Nisha Desai Biswal as the Assistant Secretary of State, Bureau of South and Central Asian Affairs, US Department of State, is at the heart of foreign policy affairs in Washington DC. Despite a hectic schedule in the lead up to the elections, she took time out for ‘India Global Business’ to track the legacy President Obama is likely to leave behind and what lies in store for India-US ties under a new leader.
How much of the recent US-India bonhomie is because of the personal chemistry between President Obama and Prime Minister Modi?
The strategic partnership between the United States and India is anchored on the premise that our two democratic, pluralistic, and secular societies share many of the same attributes and aspirations.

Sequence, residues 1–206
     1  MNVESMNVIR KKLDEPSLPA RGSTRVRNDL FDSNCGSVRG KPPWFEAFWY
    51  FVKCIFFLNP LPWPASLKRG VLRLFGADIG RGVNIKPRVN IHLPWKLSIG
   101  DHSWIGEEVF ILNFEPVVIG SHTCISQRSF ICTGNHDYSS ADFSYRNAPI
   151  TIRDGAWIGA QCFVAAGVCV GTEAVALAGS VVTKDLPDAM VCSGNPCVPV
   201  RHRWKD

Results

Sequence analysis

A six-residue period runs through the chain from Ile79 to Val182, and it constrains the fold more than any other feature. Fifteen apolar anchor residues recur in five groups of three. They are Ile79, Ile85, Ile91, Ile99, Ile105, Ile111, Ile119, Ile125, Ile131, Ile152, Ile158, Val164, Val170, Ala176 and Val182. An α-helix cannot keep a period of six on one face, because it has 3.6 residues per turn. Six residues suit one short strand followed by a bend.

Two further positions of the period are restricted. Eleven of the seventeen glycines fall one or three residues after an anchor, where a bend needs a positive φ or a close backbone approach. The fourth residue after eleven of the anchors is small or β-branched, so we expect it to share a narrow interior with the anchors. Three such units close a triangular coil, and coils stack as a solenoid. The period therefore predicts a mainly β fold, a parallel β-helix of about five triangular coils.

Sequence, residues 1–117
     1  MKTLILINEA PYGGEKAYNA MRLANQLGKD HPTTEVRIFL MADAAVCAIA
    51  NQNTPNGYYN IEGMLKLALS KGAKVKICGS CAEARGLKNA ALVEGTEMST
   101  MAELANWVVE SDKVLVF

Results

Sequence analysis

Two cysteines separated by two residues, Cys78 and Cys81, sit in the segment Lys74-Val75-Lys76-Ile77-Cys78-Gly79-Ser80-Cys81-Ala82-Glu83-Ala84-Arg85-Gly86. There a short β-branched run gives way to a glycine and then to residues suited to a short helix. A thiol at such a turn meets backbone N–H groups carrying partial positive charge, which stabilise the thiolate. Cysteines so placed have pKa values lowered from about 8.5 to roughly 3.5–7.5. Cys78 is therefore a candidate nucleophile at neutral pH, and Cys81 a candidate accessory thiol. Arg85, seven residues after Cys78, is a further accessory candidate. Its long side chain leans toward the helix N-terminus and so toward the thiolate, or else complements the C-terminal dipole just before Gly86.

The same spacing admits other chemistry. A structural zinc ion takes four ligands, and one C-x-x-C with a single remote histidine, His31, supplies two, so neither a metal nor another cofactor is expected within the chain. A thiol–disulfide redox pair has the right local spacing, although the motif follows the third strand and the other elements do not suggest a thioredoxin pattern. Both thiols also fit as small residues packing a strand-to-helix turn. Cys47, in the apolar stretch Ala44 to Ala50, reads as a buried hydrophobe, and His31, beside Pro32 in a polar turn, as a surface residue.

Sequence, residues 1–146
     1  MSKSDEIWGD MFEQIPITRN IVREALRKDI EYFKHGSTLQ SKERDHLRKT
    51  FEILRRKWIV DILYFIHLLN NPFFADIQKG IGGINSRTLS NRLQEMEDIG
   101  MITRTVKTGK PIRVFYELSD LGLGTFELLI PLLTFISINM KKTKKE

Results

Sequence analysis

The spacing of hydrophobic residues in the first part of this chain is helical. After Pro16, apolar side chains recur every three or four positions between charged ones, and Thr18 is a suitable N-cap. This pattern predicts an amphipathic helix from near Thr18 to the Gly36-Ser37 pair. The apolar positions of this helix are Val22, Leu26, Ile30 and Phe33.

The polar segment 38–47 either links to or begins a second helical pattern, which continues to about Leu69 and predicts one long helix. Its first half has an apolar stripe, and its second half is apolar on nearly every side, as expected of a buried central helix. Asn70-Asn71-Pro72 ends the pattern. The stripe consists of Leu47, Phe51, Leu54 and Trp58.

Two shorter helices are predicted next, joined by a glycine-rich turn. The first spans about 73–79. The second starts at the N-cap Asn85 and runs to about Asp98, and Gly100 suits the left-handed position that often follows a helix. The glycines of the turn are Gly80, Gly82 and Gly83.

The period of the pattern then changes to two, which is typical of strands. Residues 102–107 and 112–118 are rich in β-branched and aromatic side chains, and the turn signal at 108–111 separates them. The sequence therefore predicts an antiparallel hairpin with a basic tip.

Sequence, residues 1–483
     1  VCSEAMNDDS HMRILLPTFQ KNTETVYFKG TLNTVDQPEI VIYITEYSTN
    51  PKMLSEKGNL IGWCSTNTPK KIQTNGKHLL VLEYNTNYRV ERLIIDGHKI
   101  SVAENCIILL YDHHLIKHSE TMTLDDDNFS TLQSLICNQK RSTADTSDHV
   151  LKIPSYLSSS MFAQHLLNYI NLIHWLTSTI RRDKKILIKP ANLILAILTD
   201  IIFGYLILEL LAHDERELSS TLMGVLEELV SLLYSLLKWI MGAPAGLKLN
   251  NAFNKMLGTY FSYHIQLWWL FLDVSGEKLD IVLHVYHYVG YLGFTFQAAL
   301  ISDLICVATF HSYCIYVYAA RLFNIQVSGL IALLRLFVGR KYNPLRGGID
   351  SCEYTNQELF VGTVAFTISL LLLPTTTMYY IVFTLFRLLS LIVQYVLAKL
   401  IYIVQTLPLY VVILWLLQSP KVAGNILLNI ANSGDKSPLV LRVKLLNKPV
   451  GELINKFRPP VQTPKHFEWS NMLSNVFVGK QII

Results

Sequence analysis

Yes, the two leaders share a rapport, but it is that premise that led President Obama to characterise the relationship as a defining partnership of the 21st century. And it isn’t just the relationship between our two leaders that defines the partnership – it is also the millions of human ties that link us together. There are over 3.4 million Indian-Americans living in the United States. Indians are one of the fastest growing ethnic groups in the United States and one of the most economically successful.
Thousands of Indians come to the US every year to work and study. Some stay on to become US citizens and others return to India to start businesses and raise their families. Each represents a link between our countries. The two leaders’ personal chemistry has certainly boosted bilateral ties and a sense of common purpose, but our partnership with India preceded that relationship and will continue to grow based on broad, bipartisan support. Login
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Tagged: United States
, Barack Obama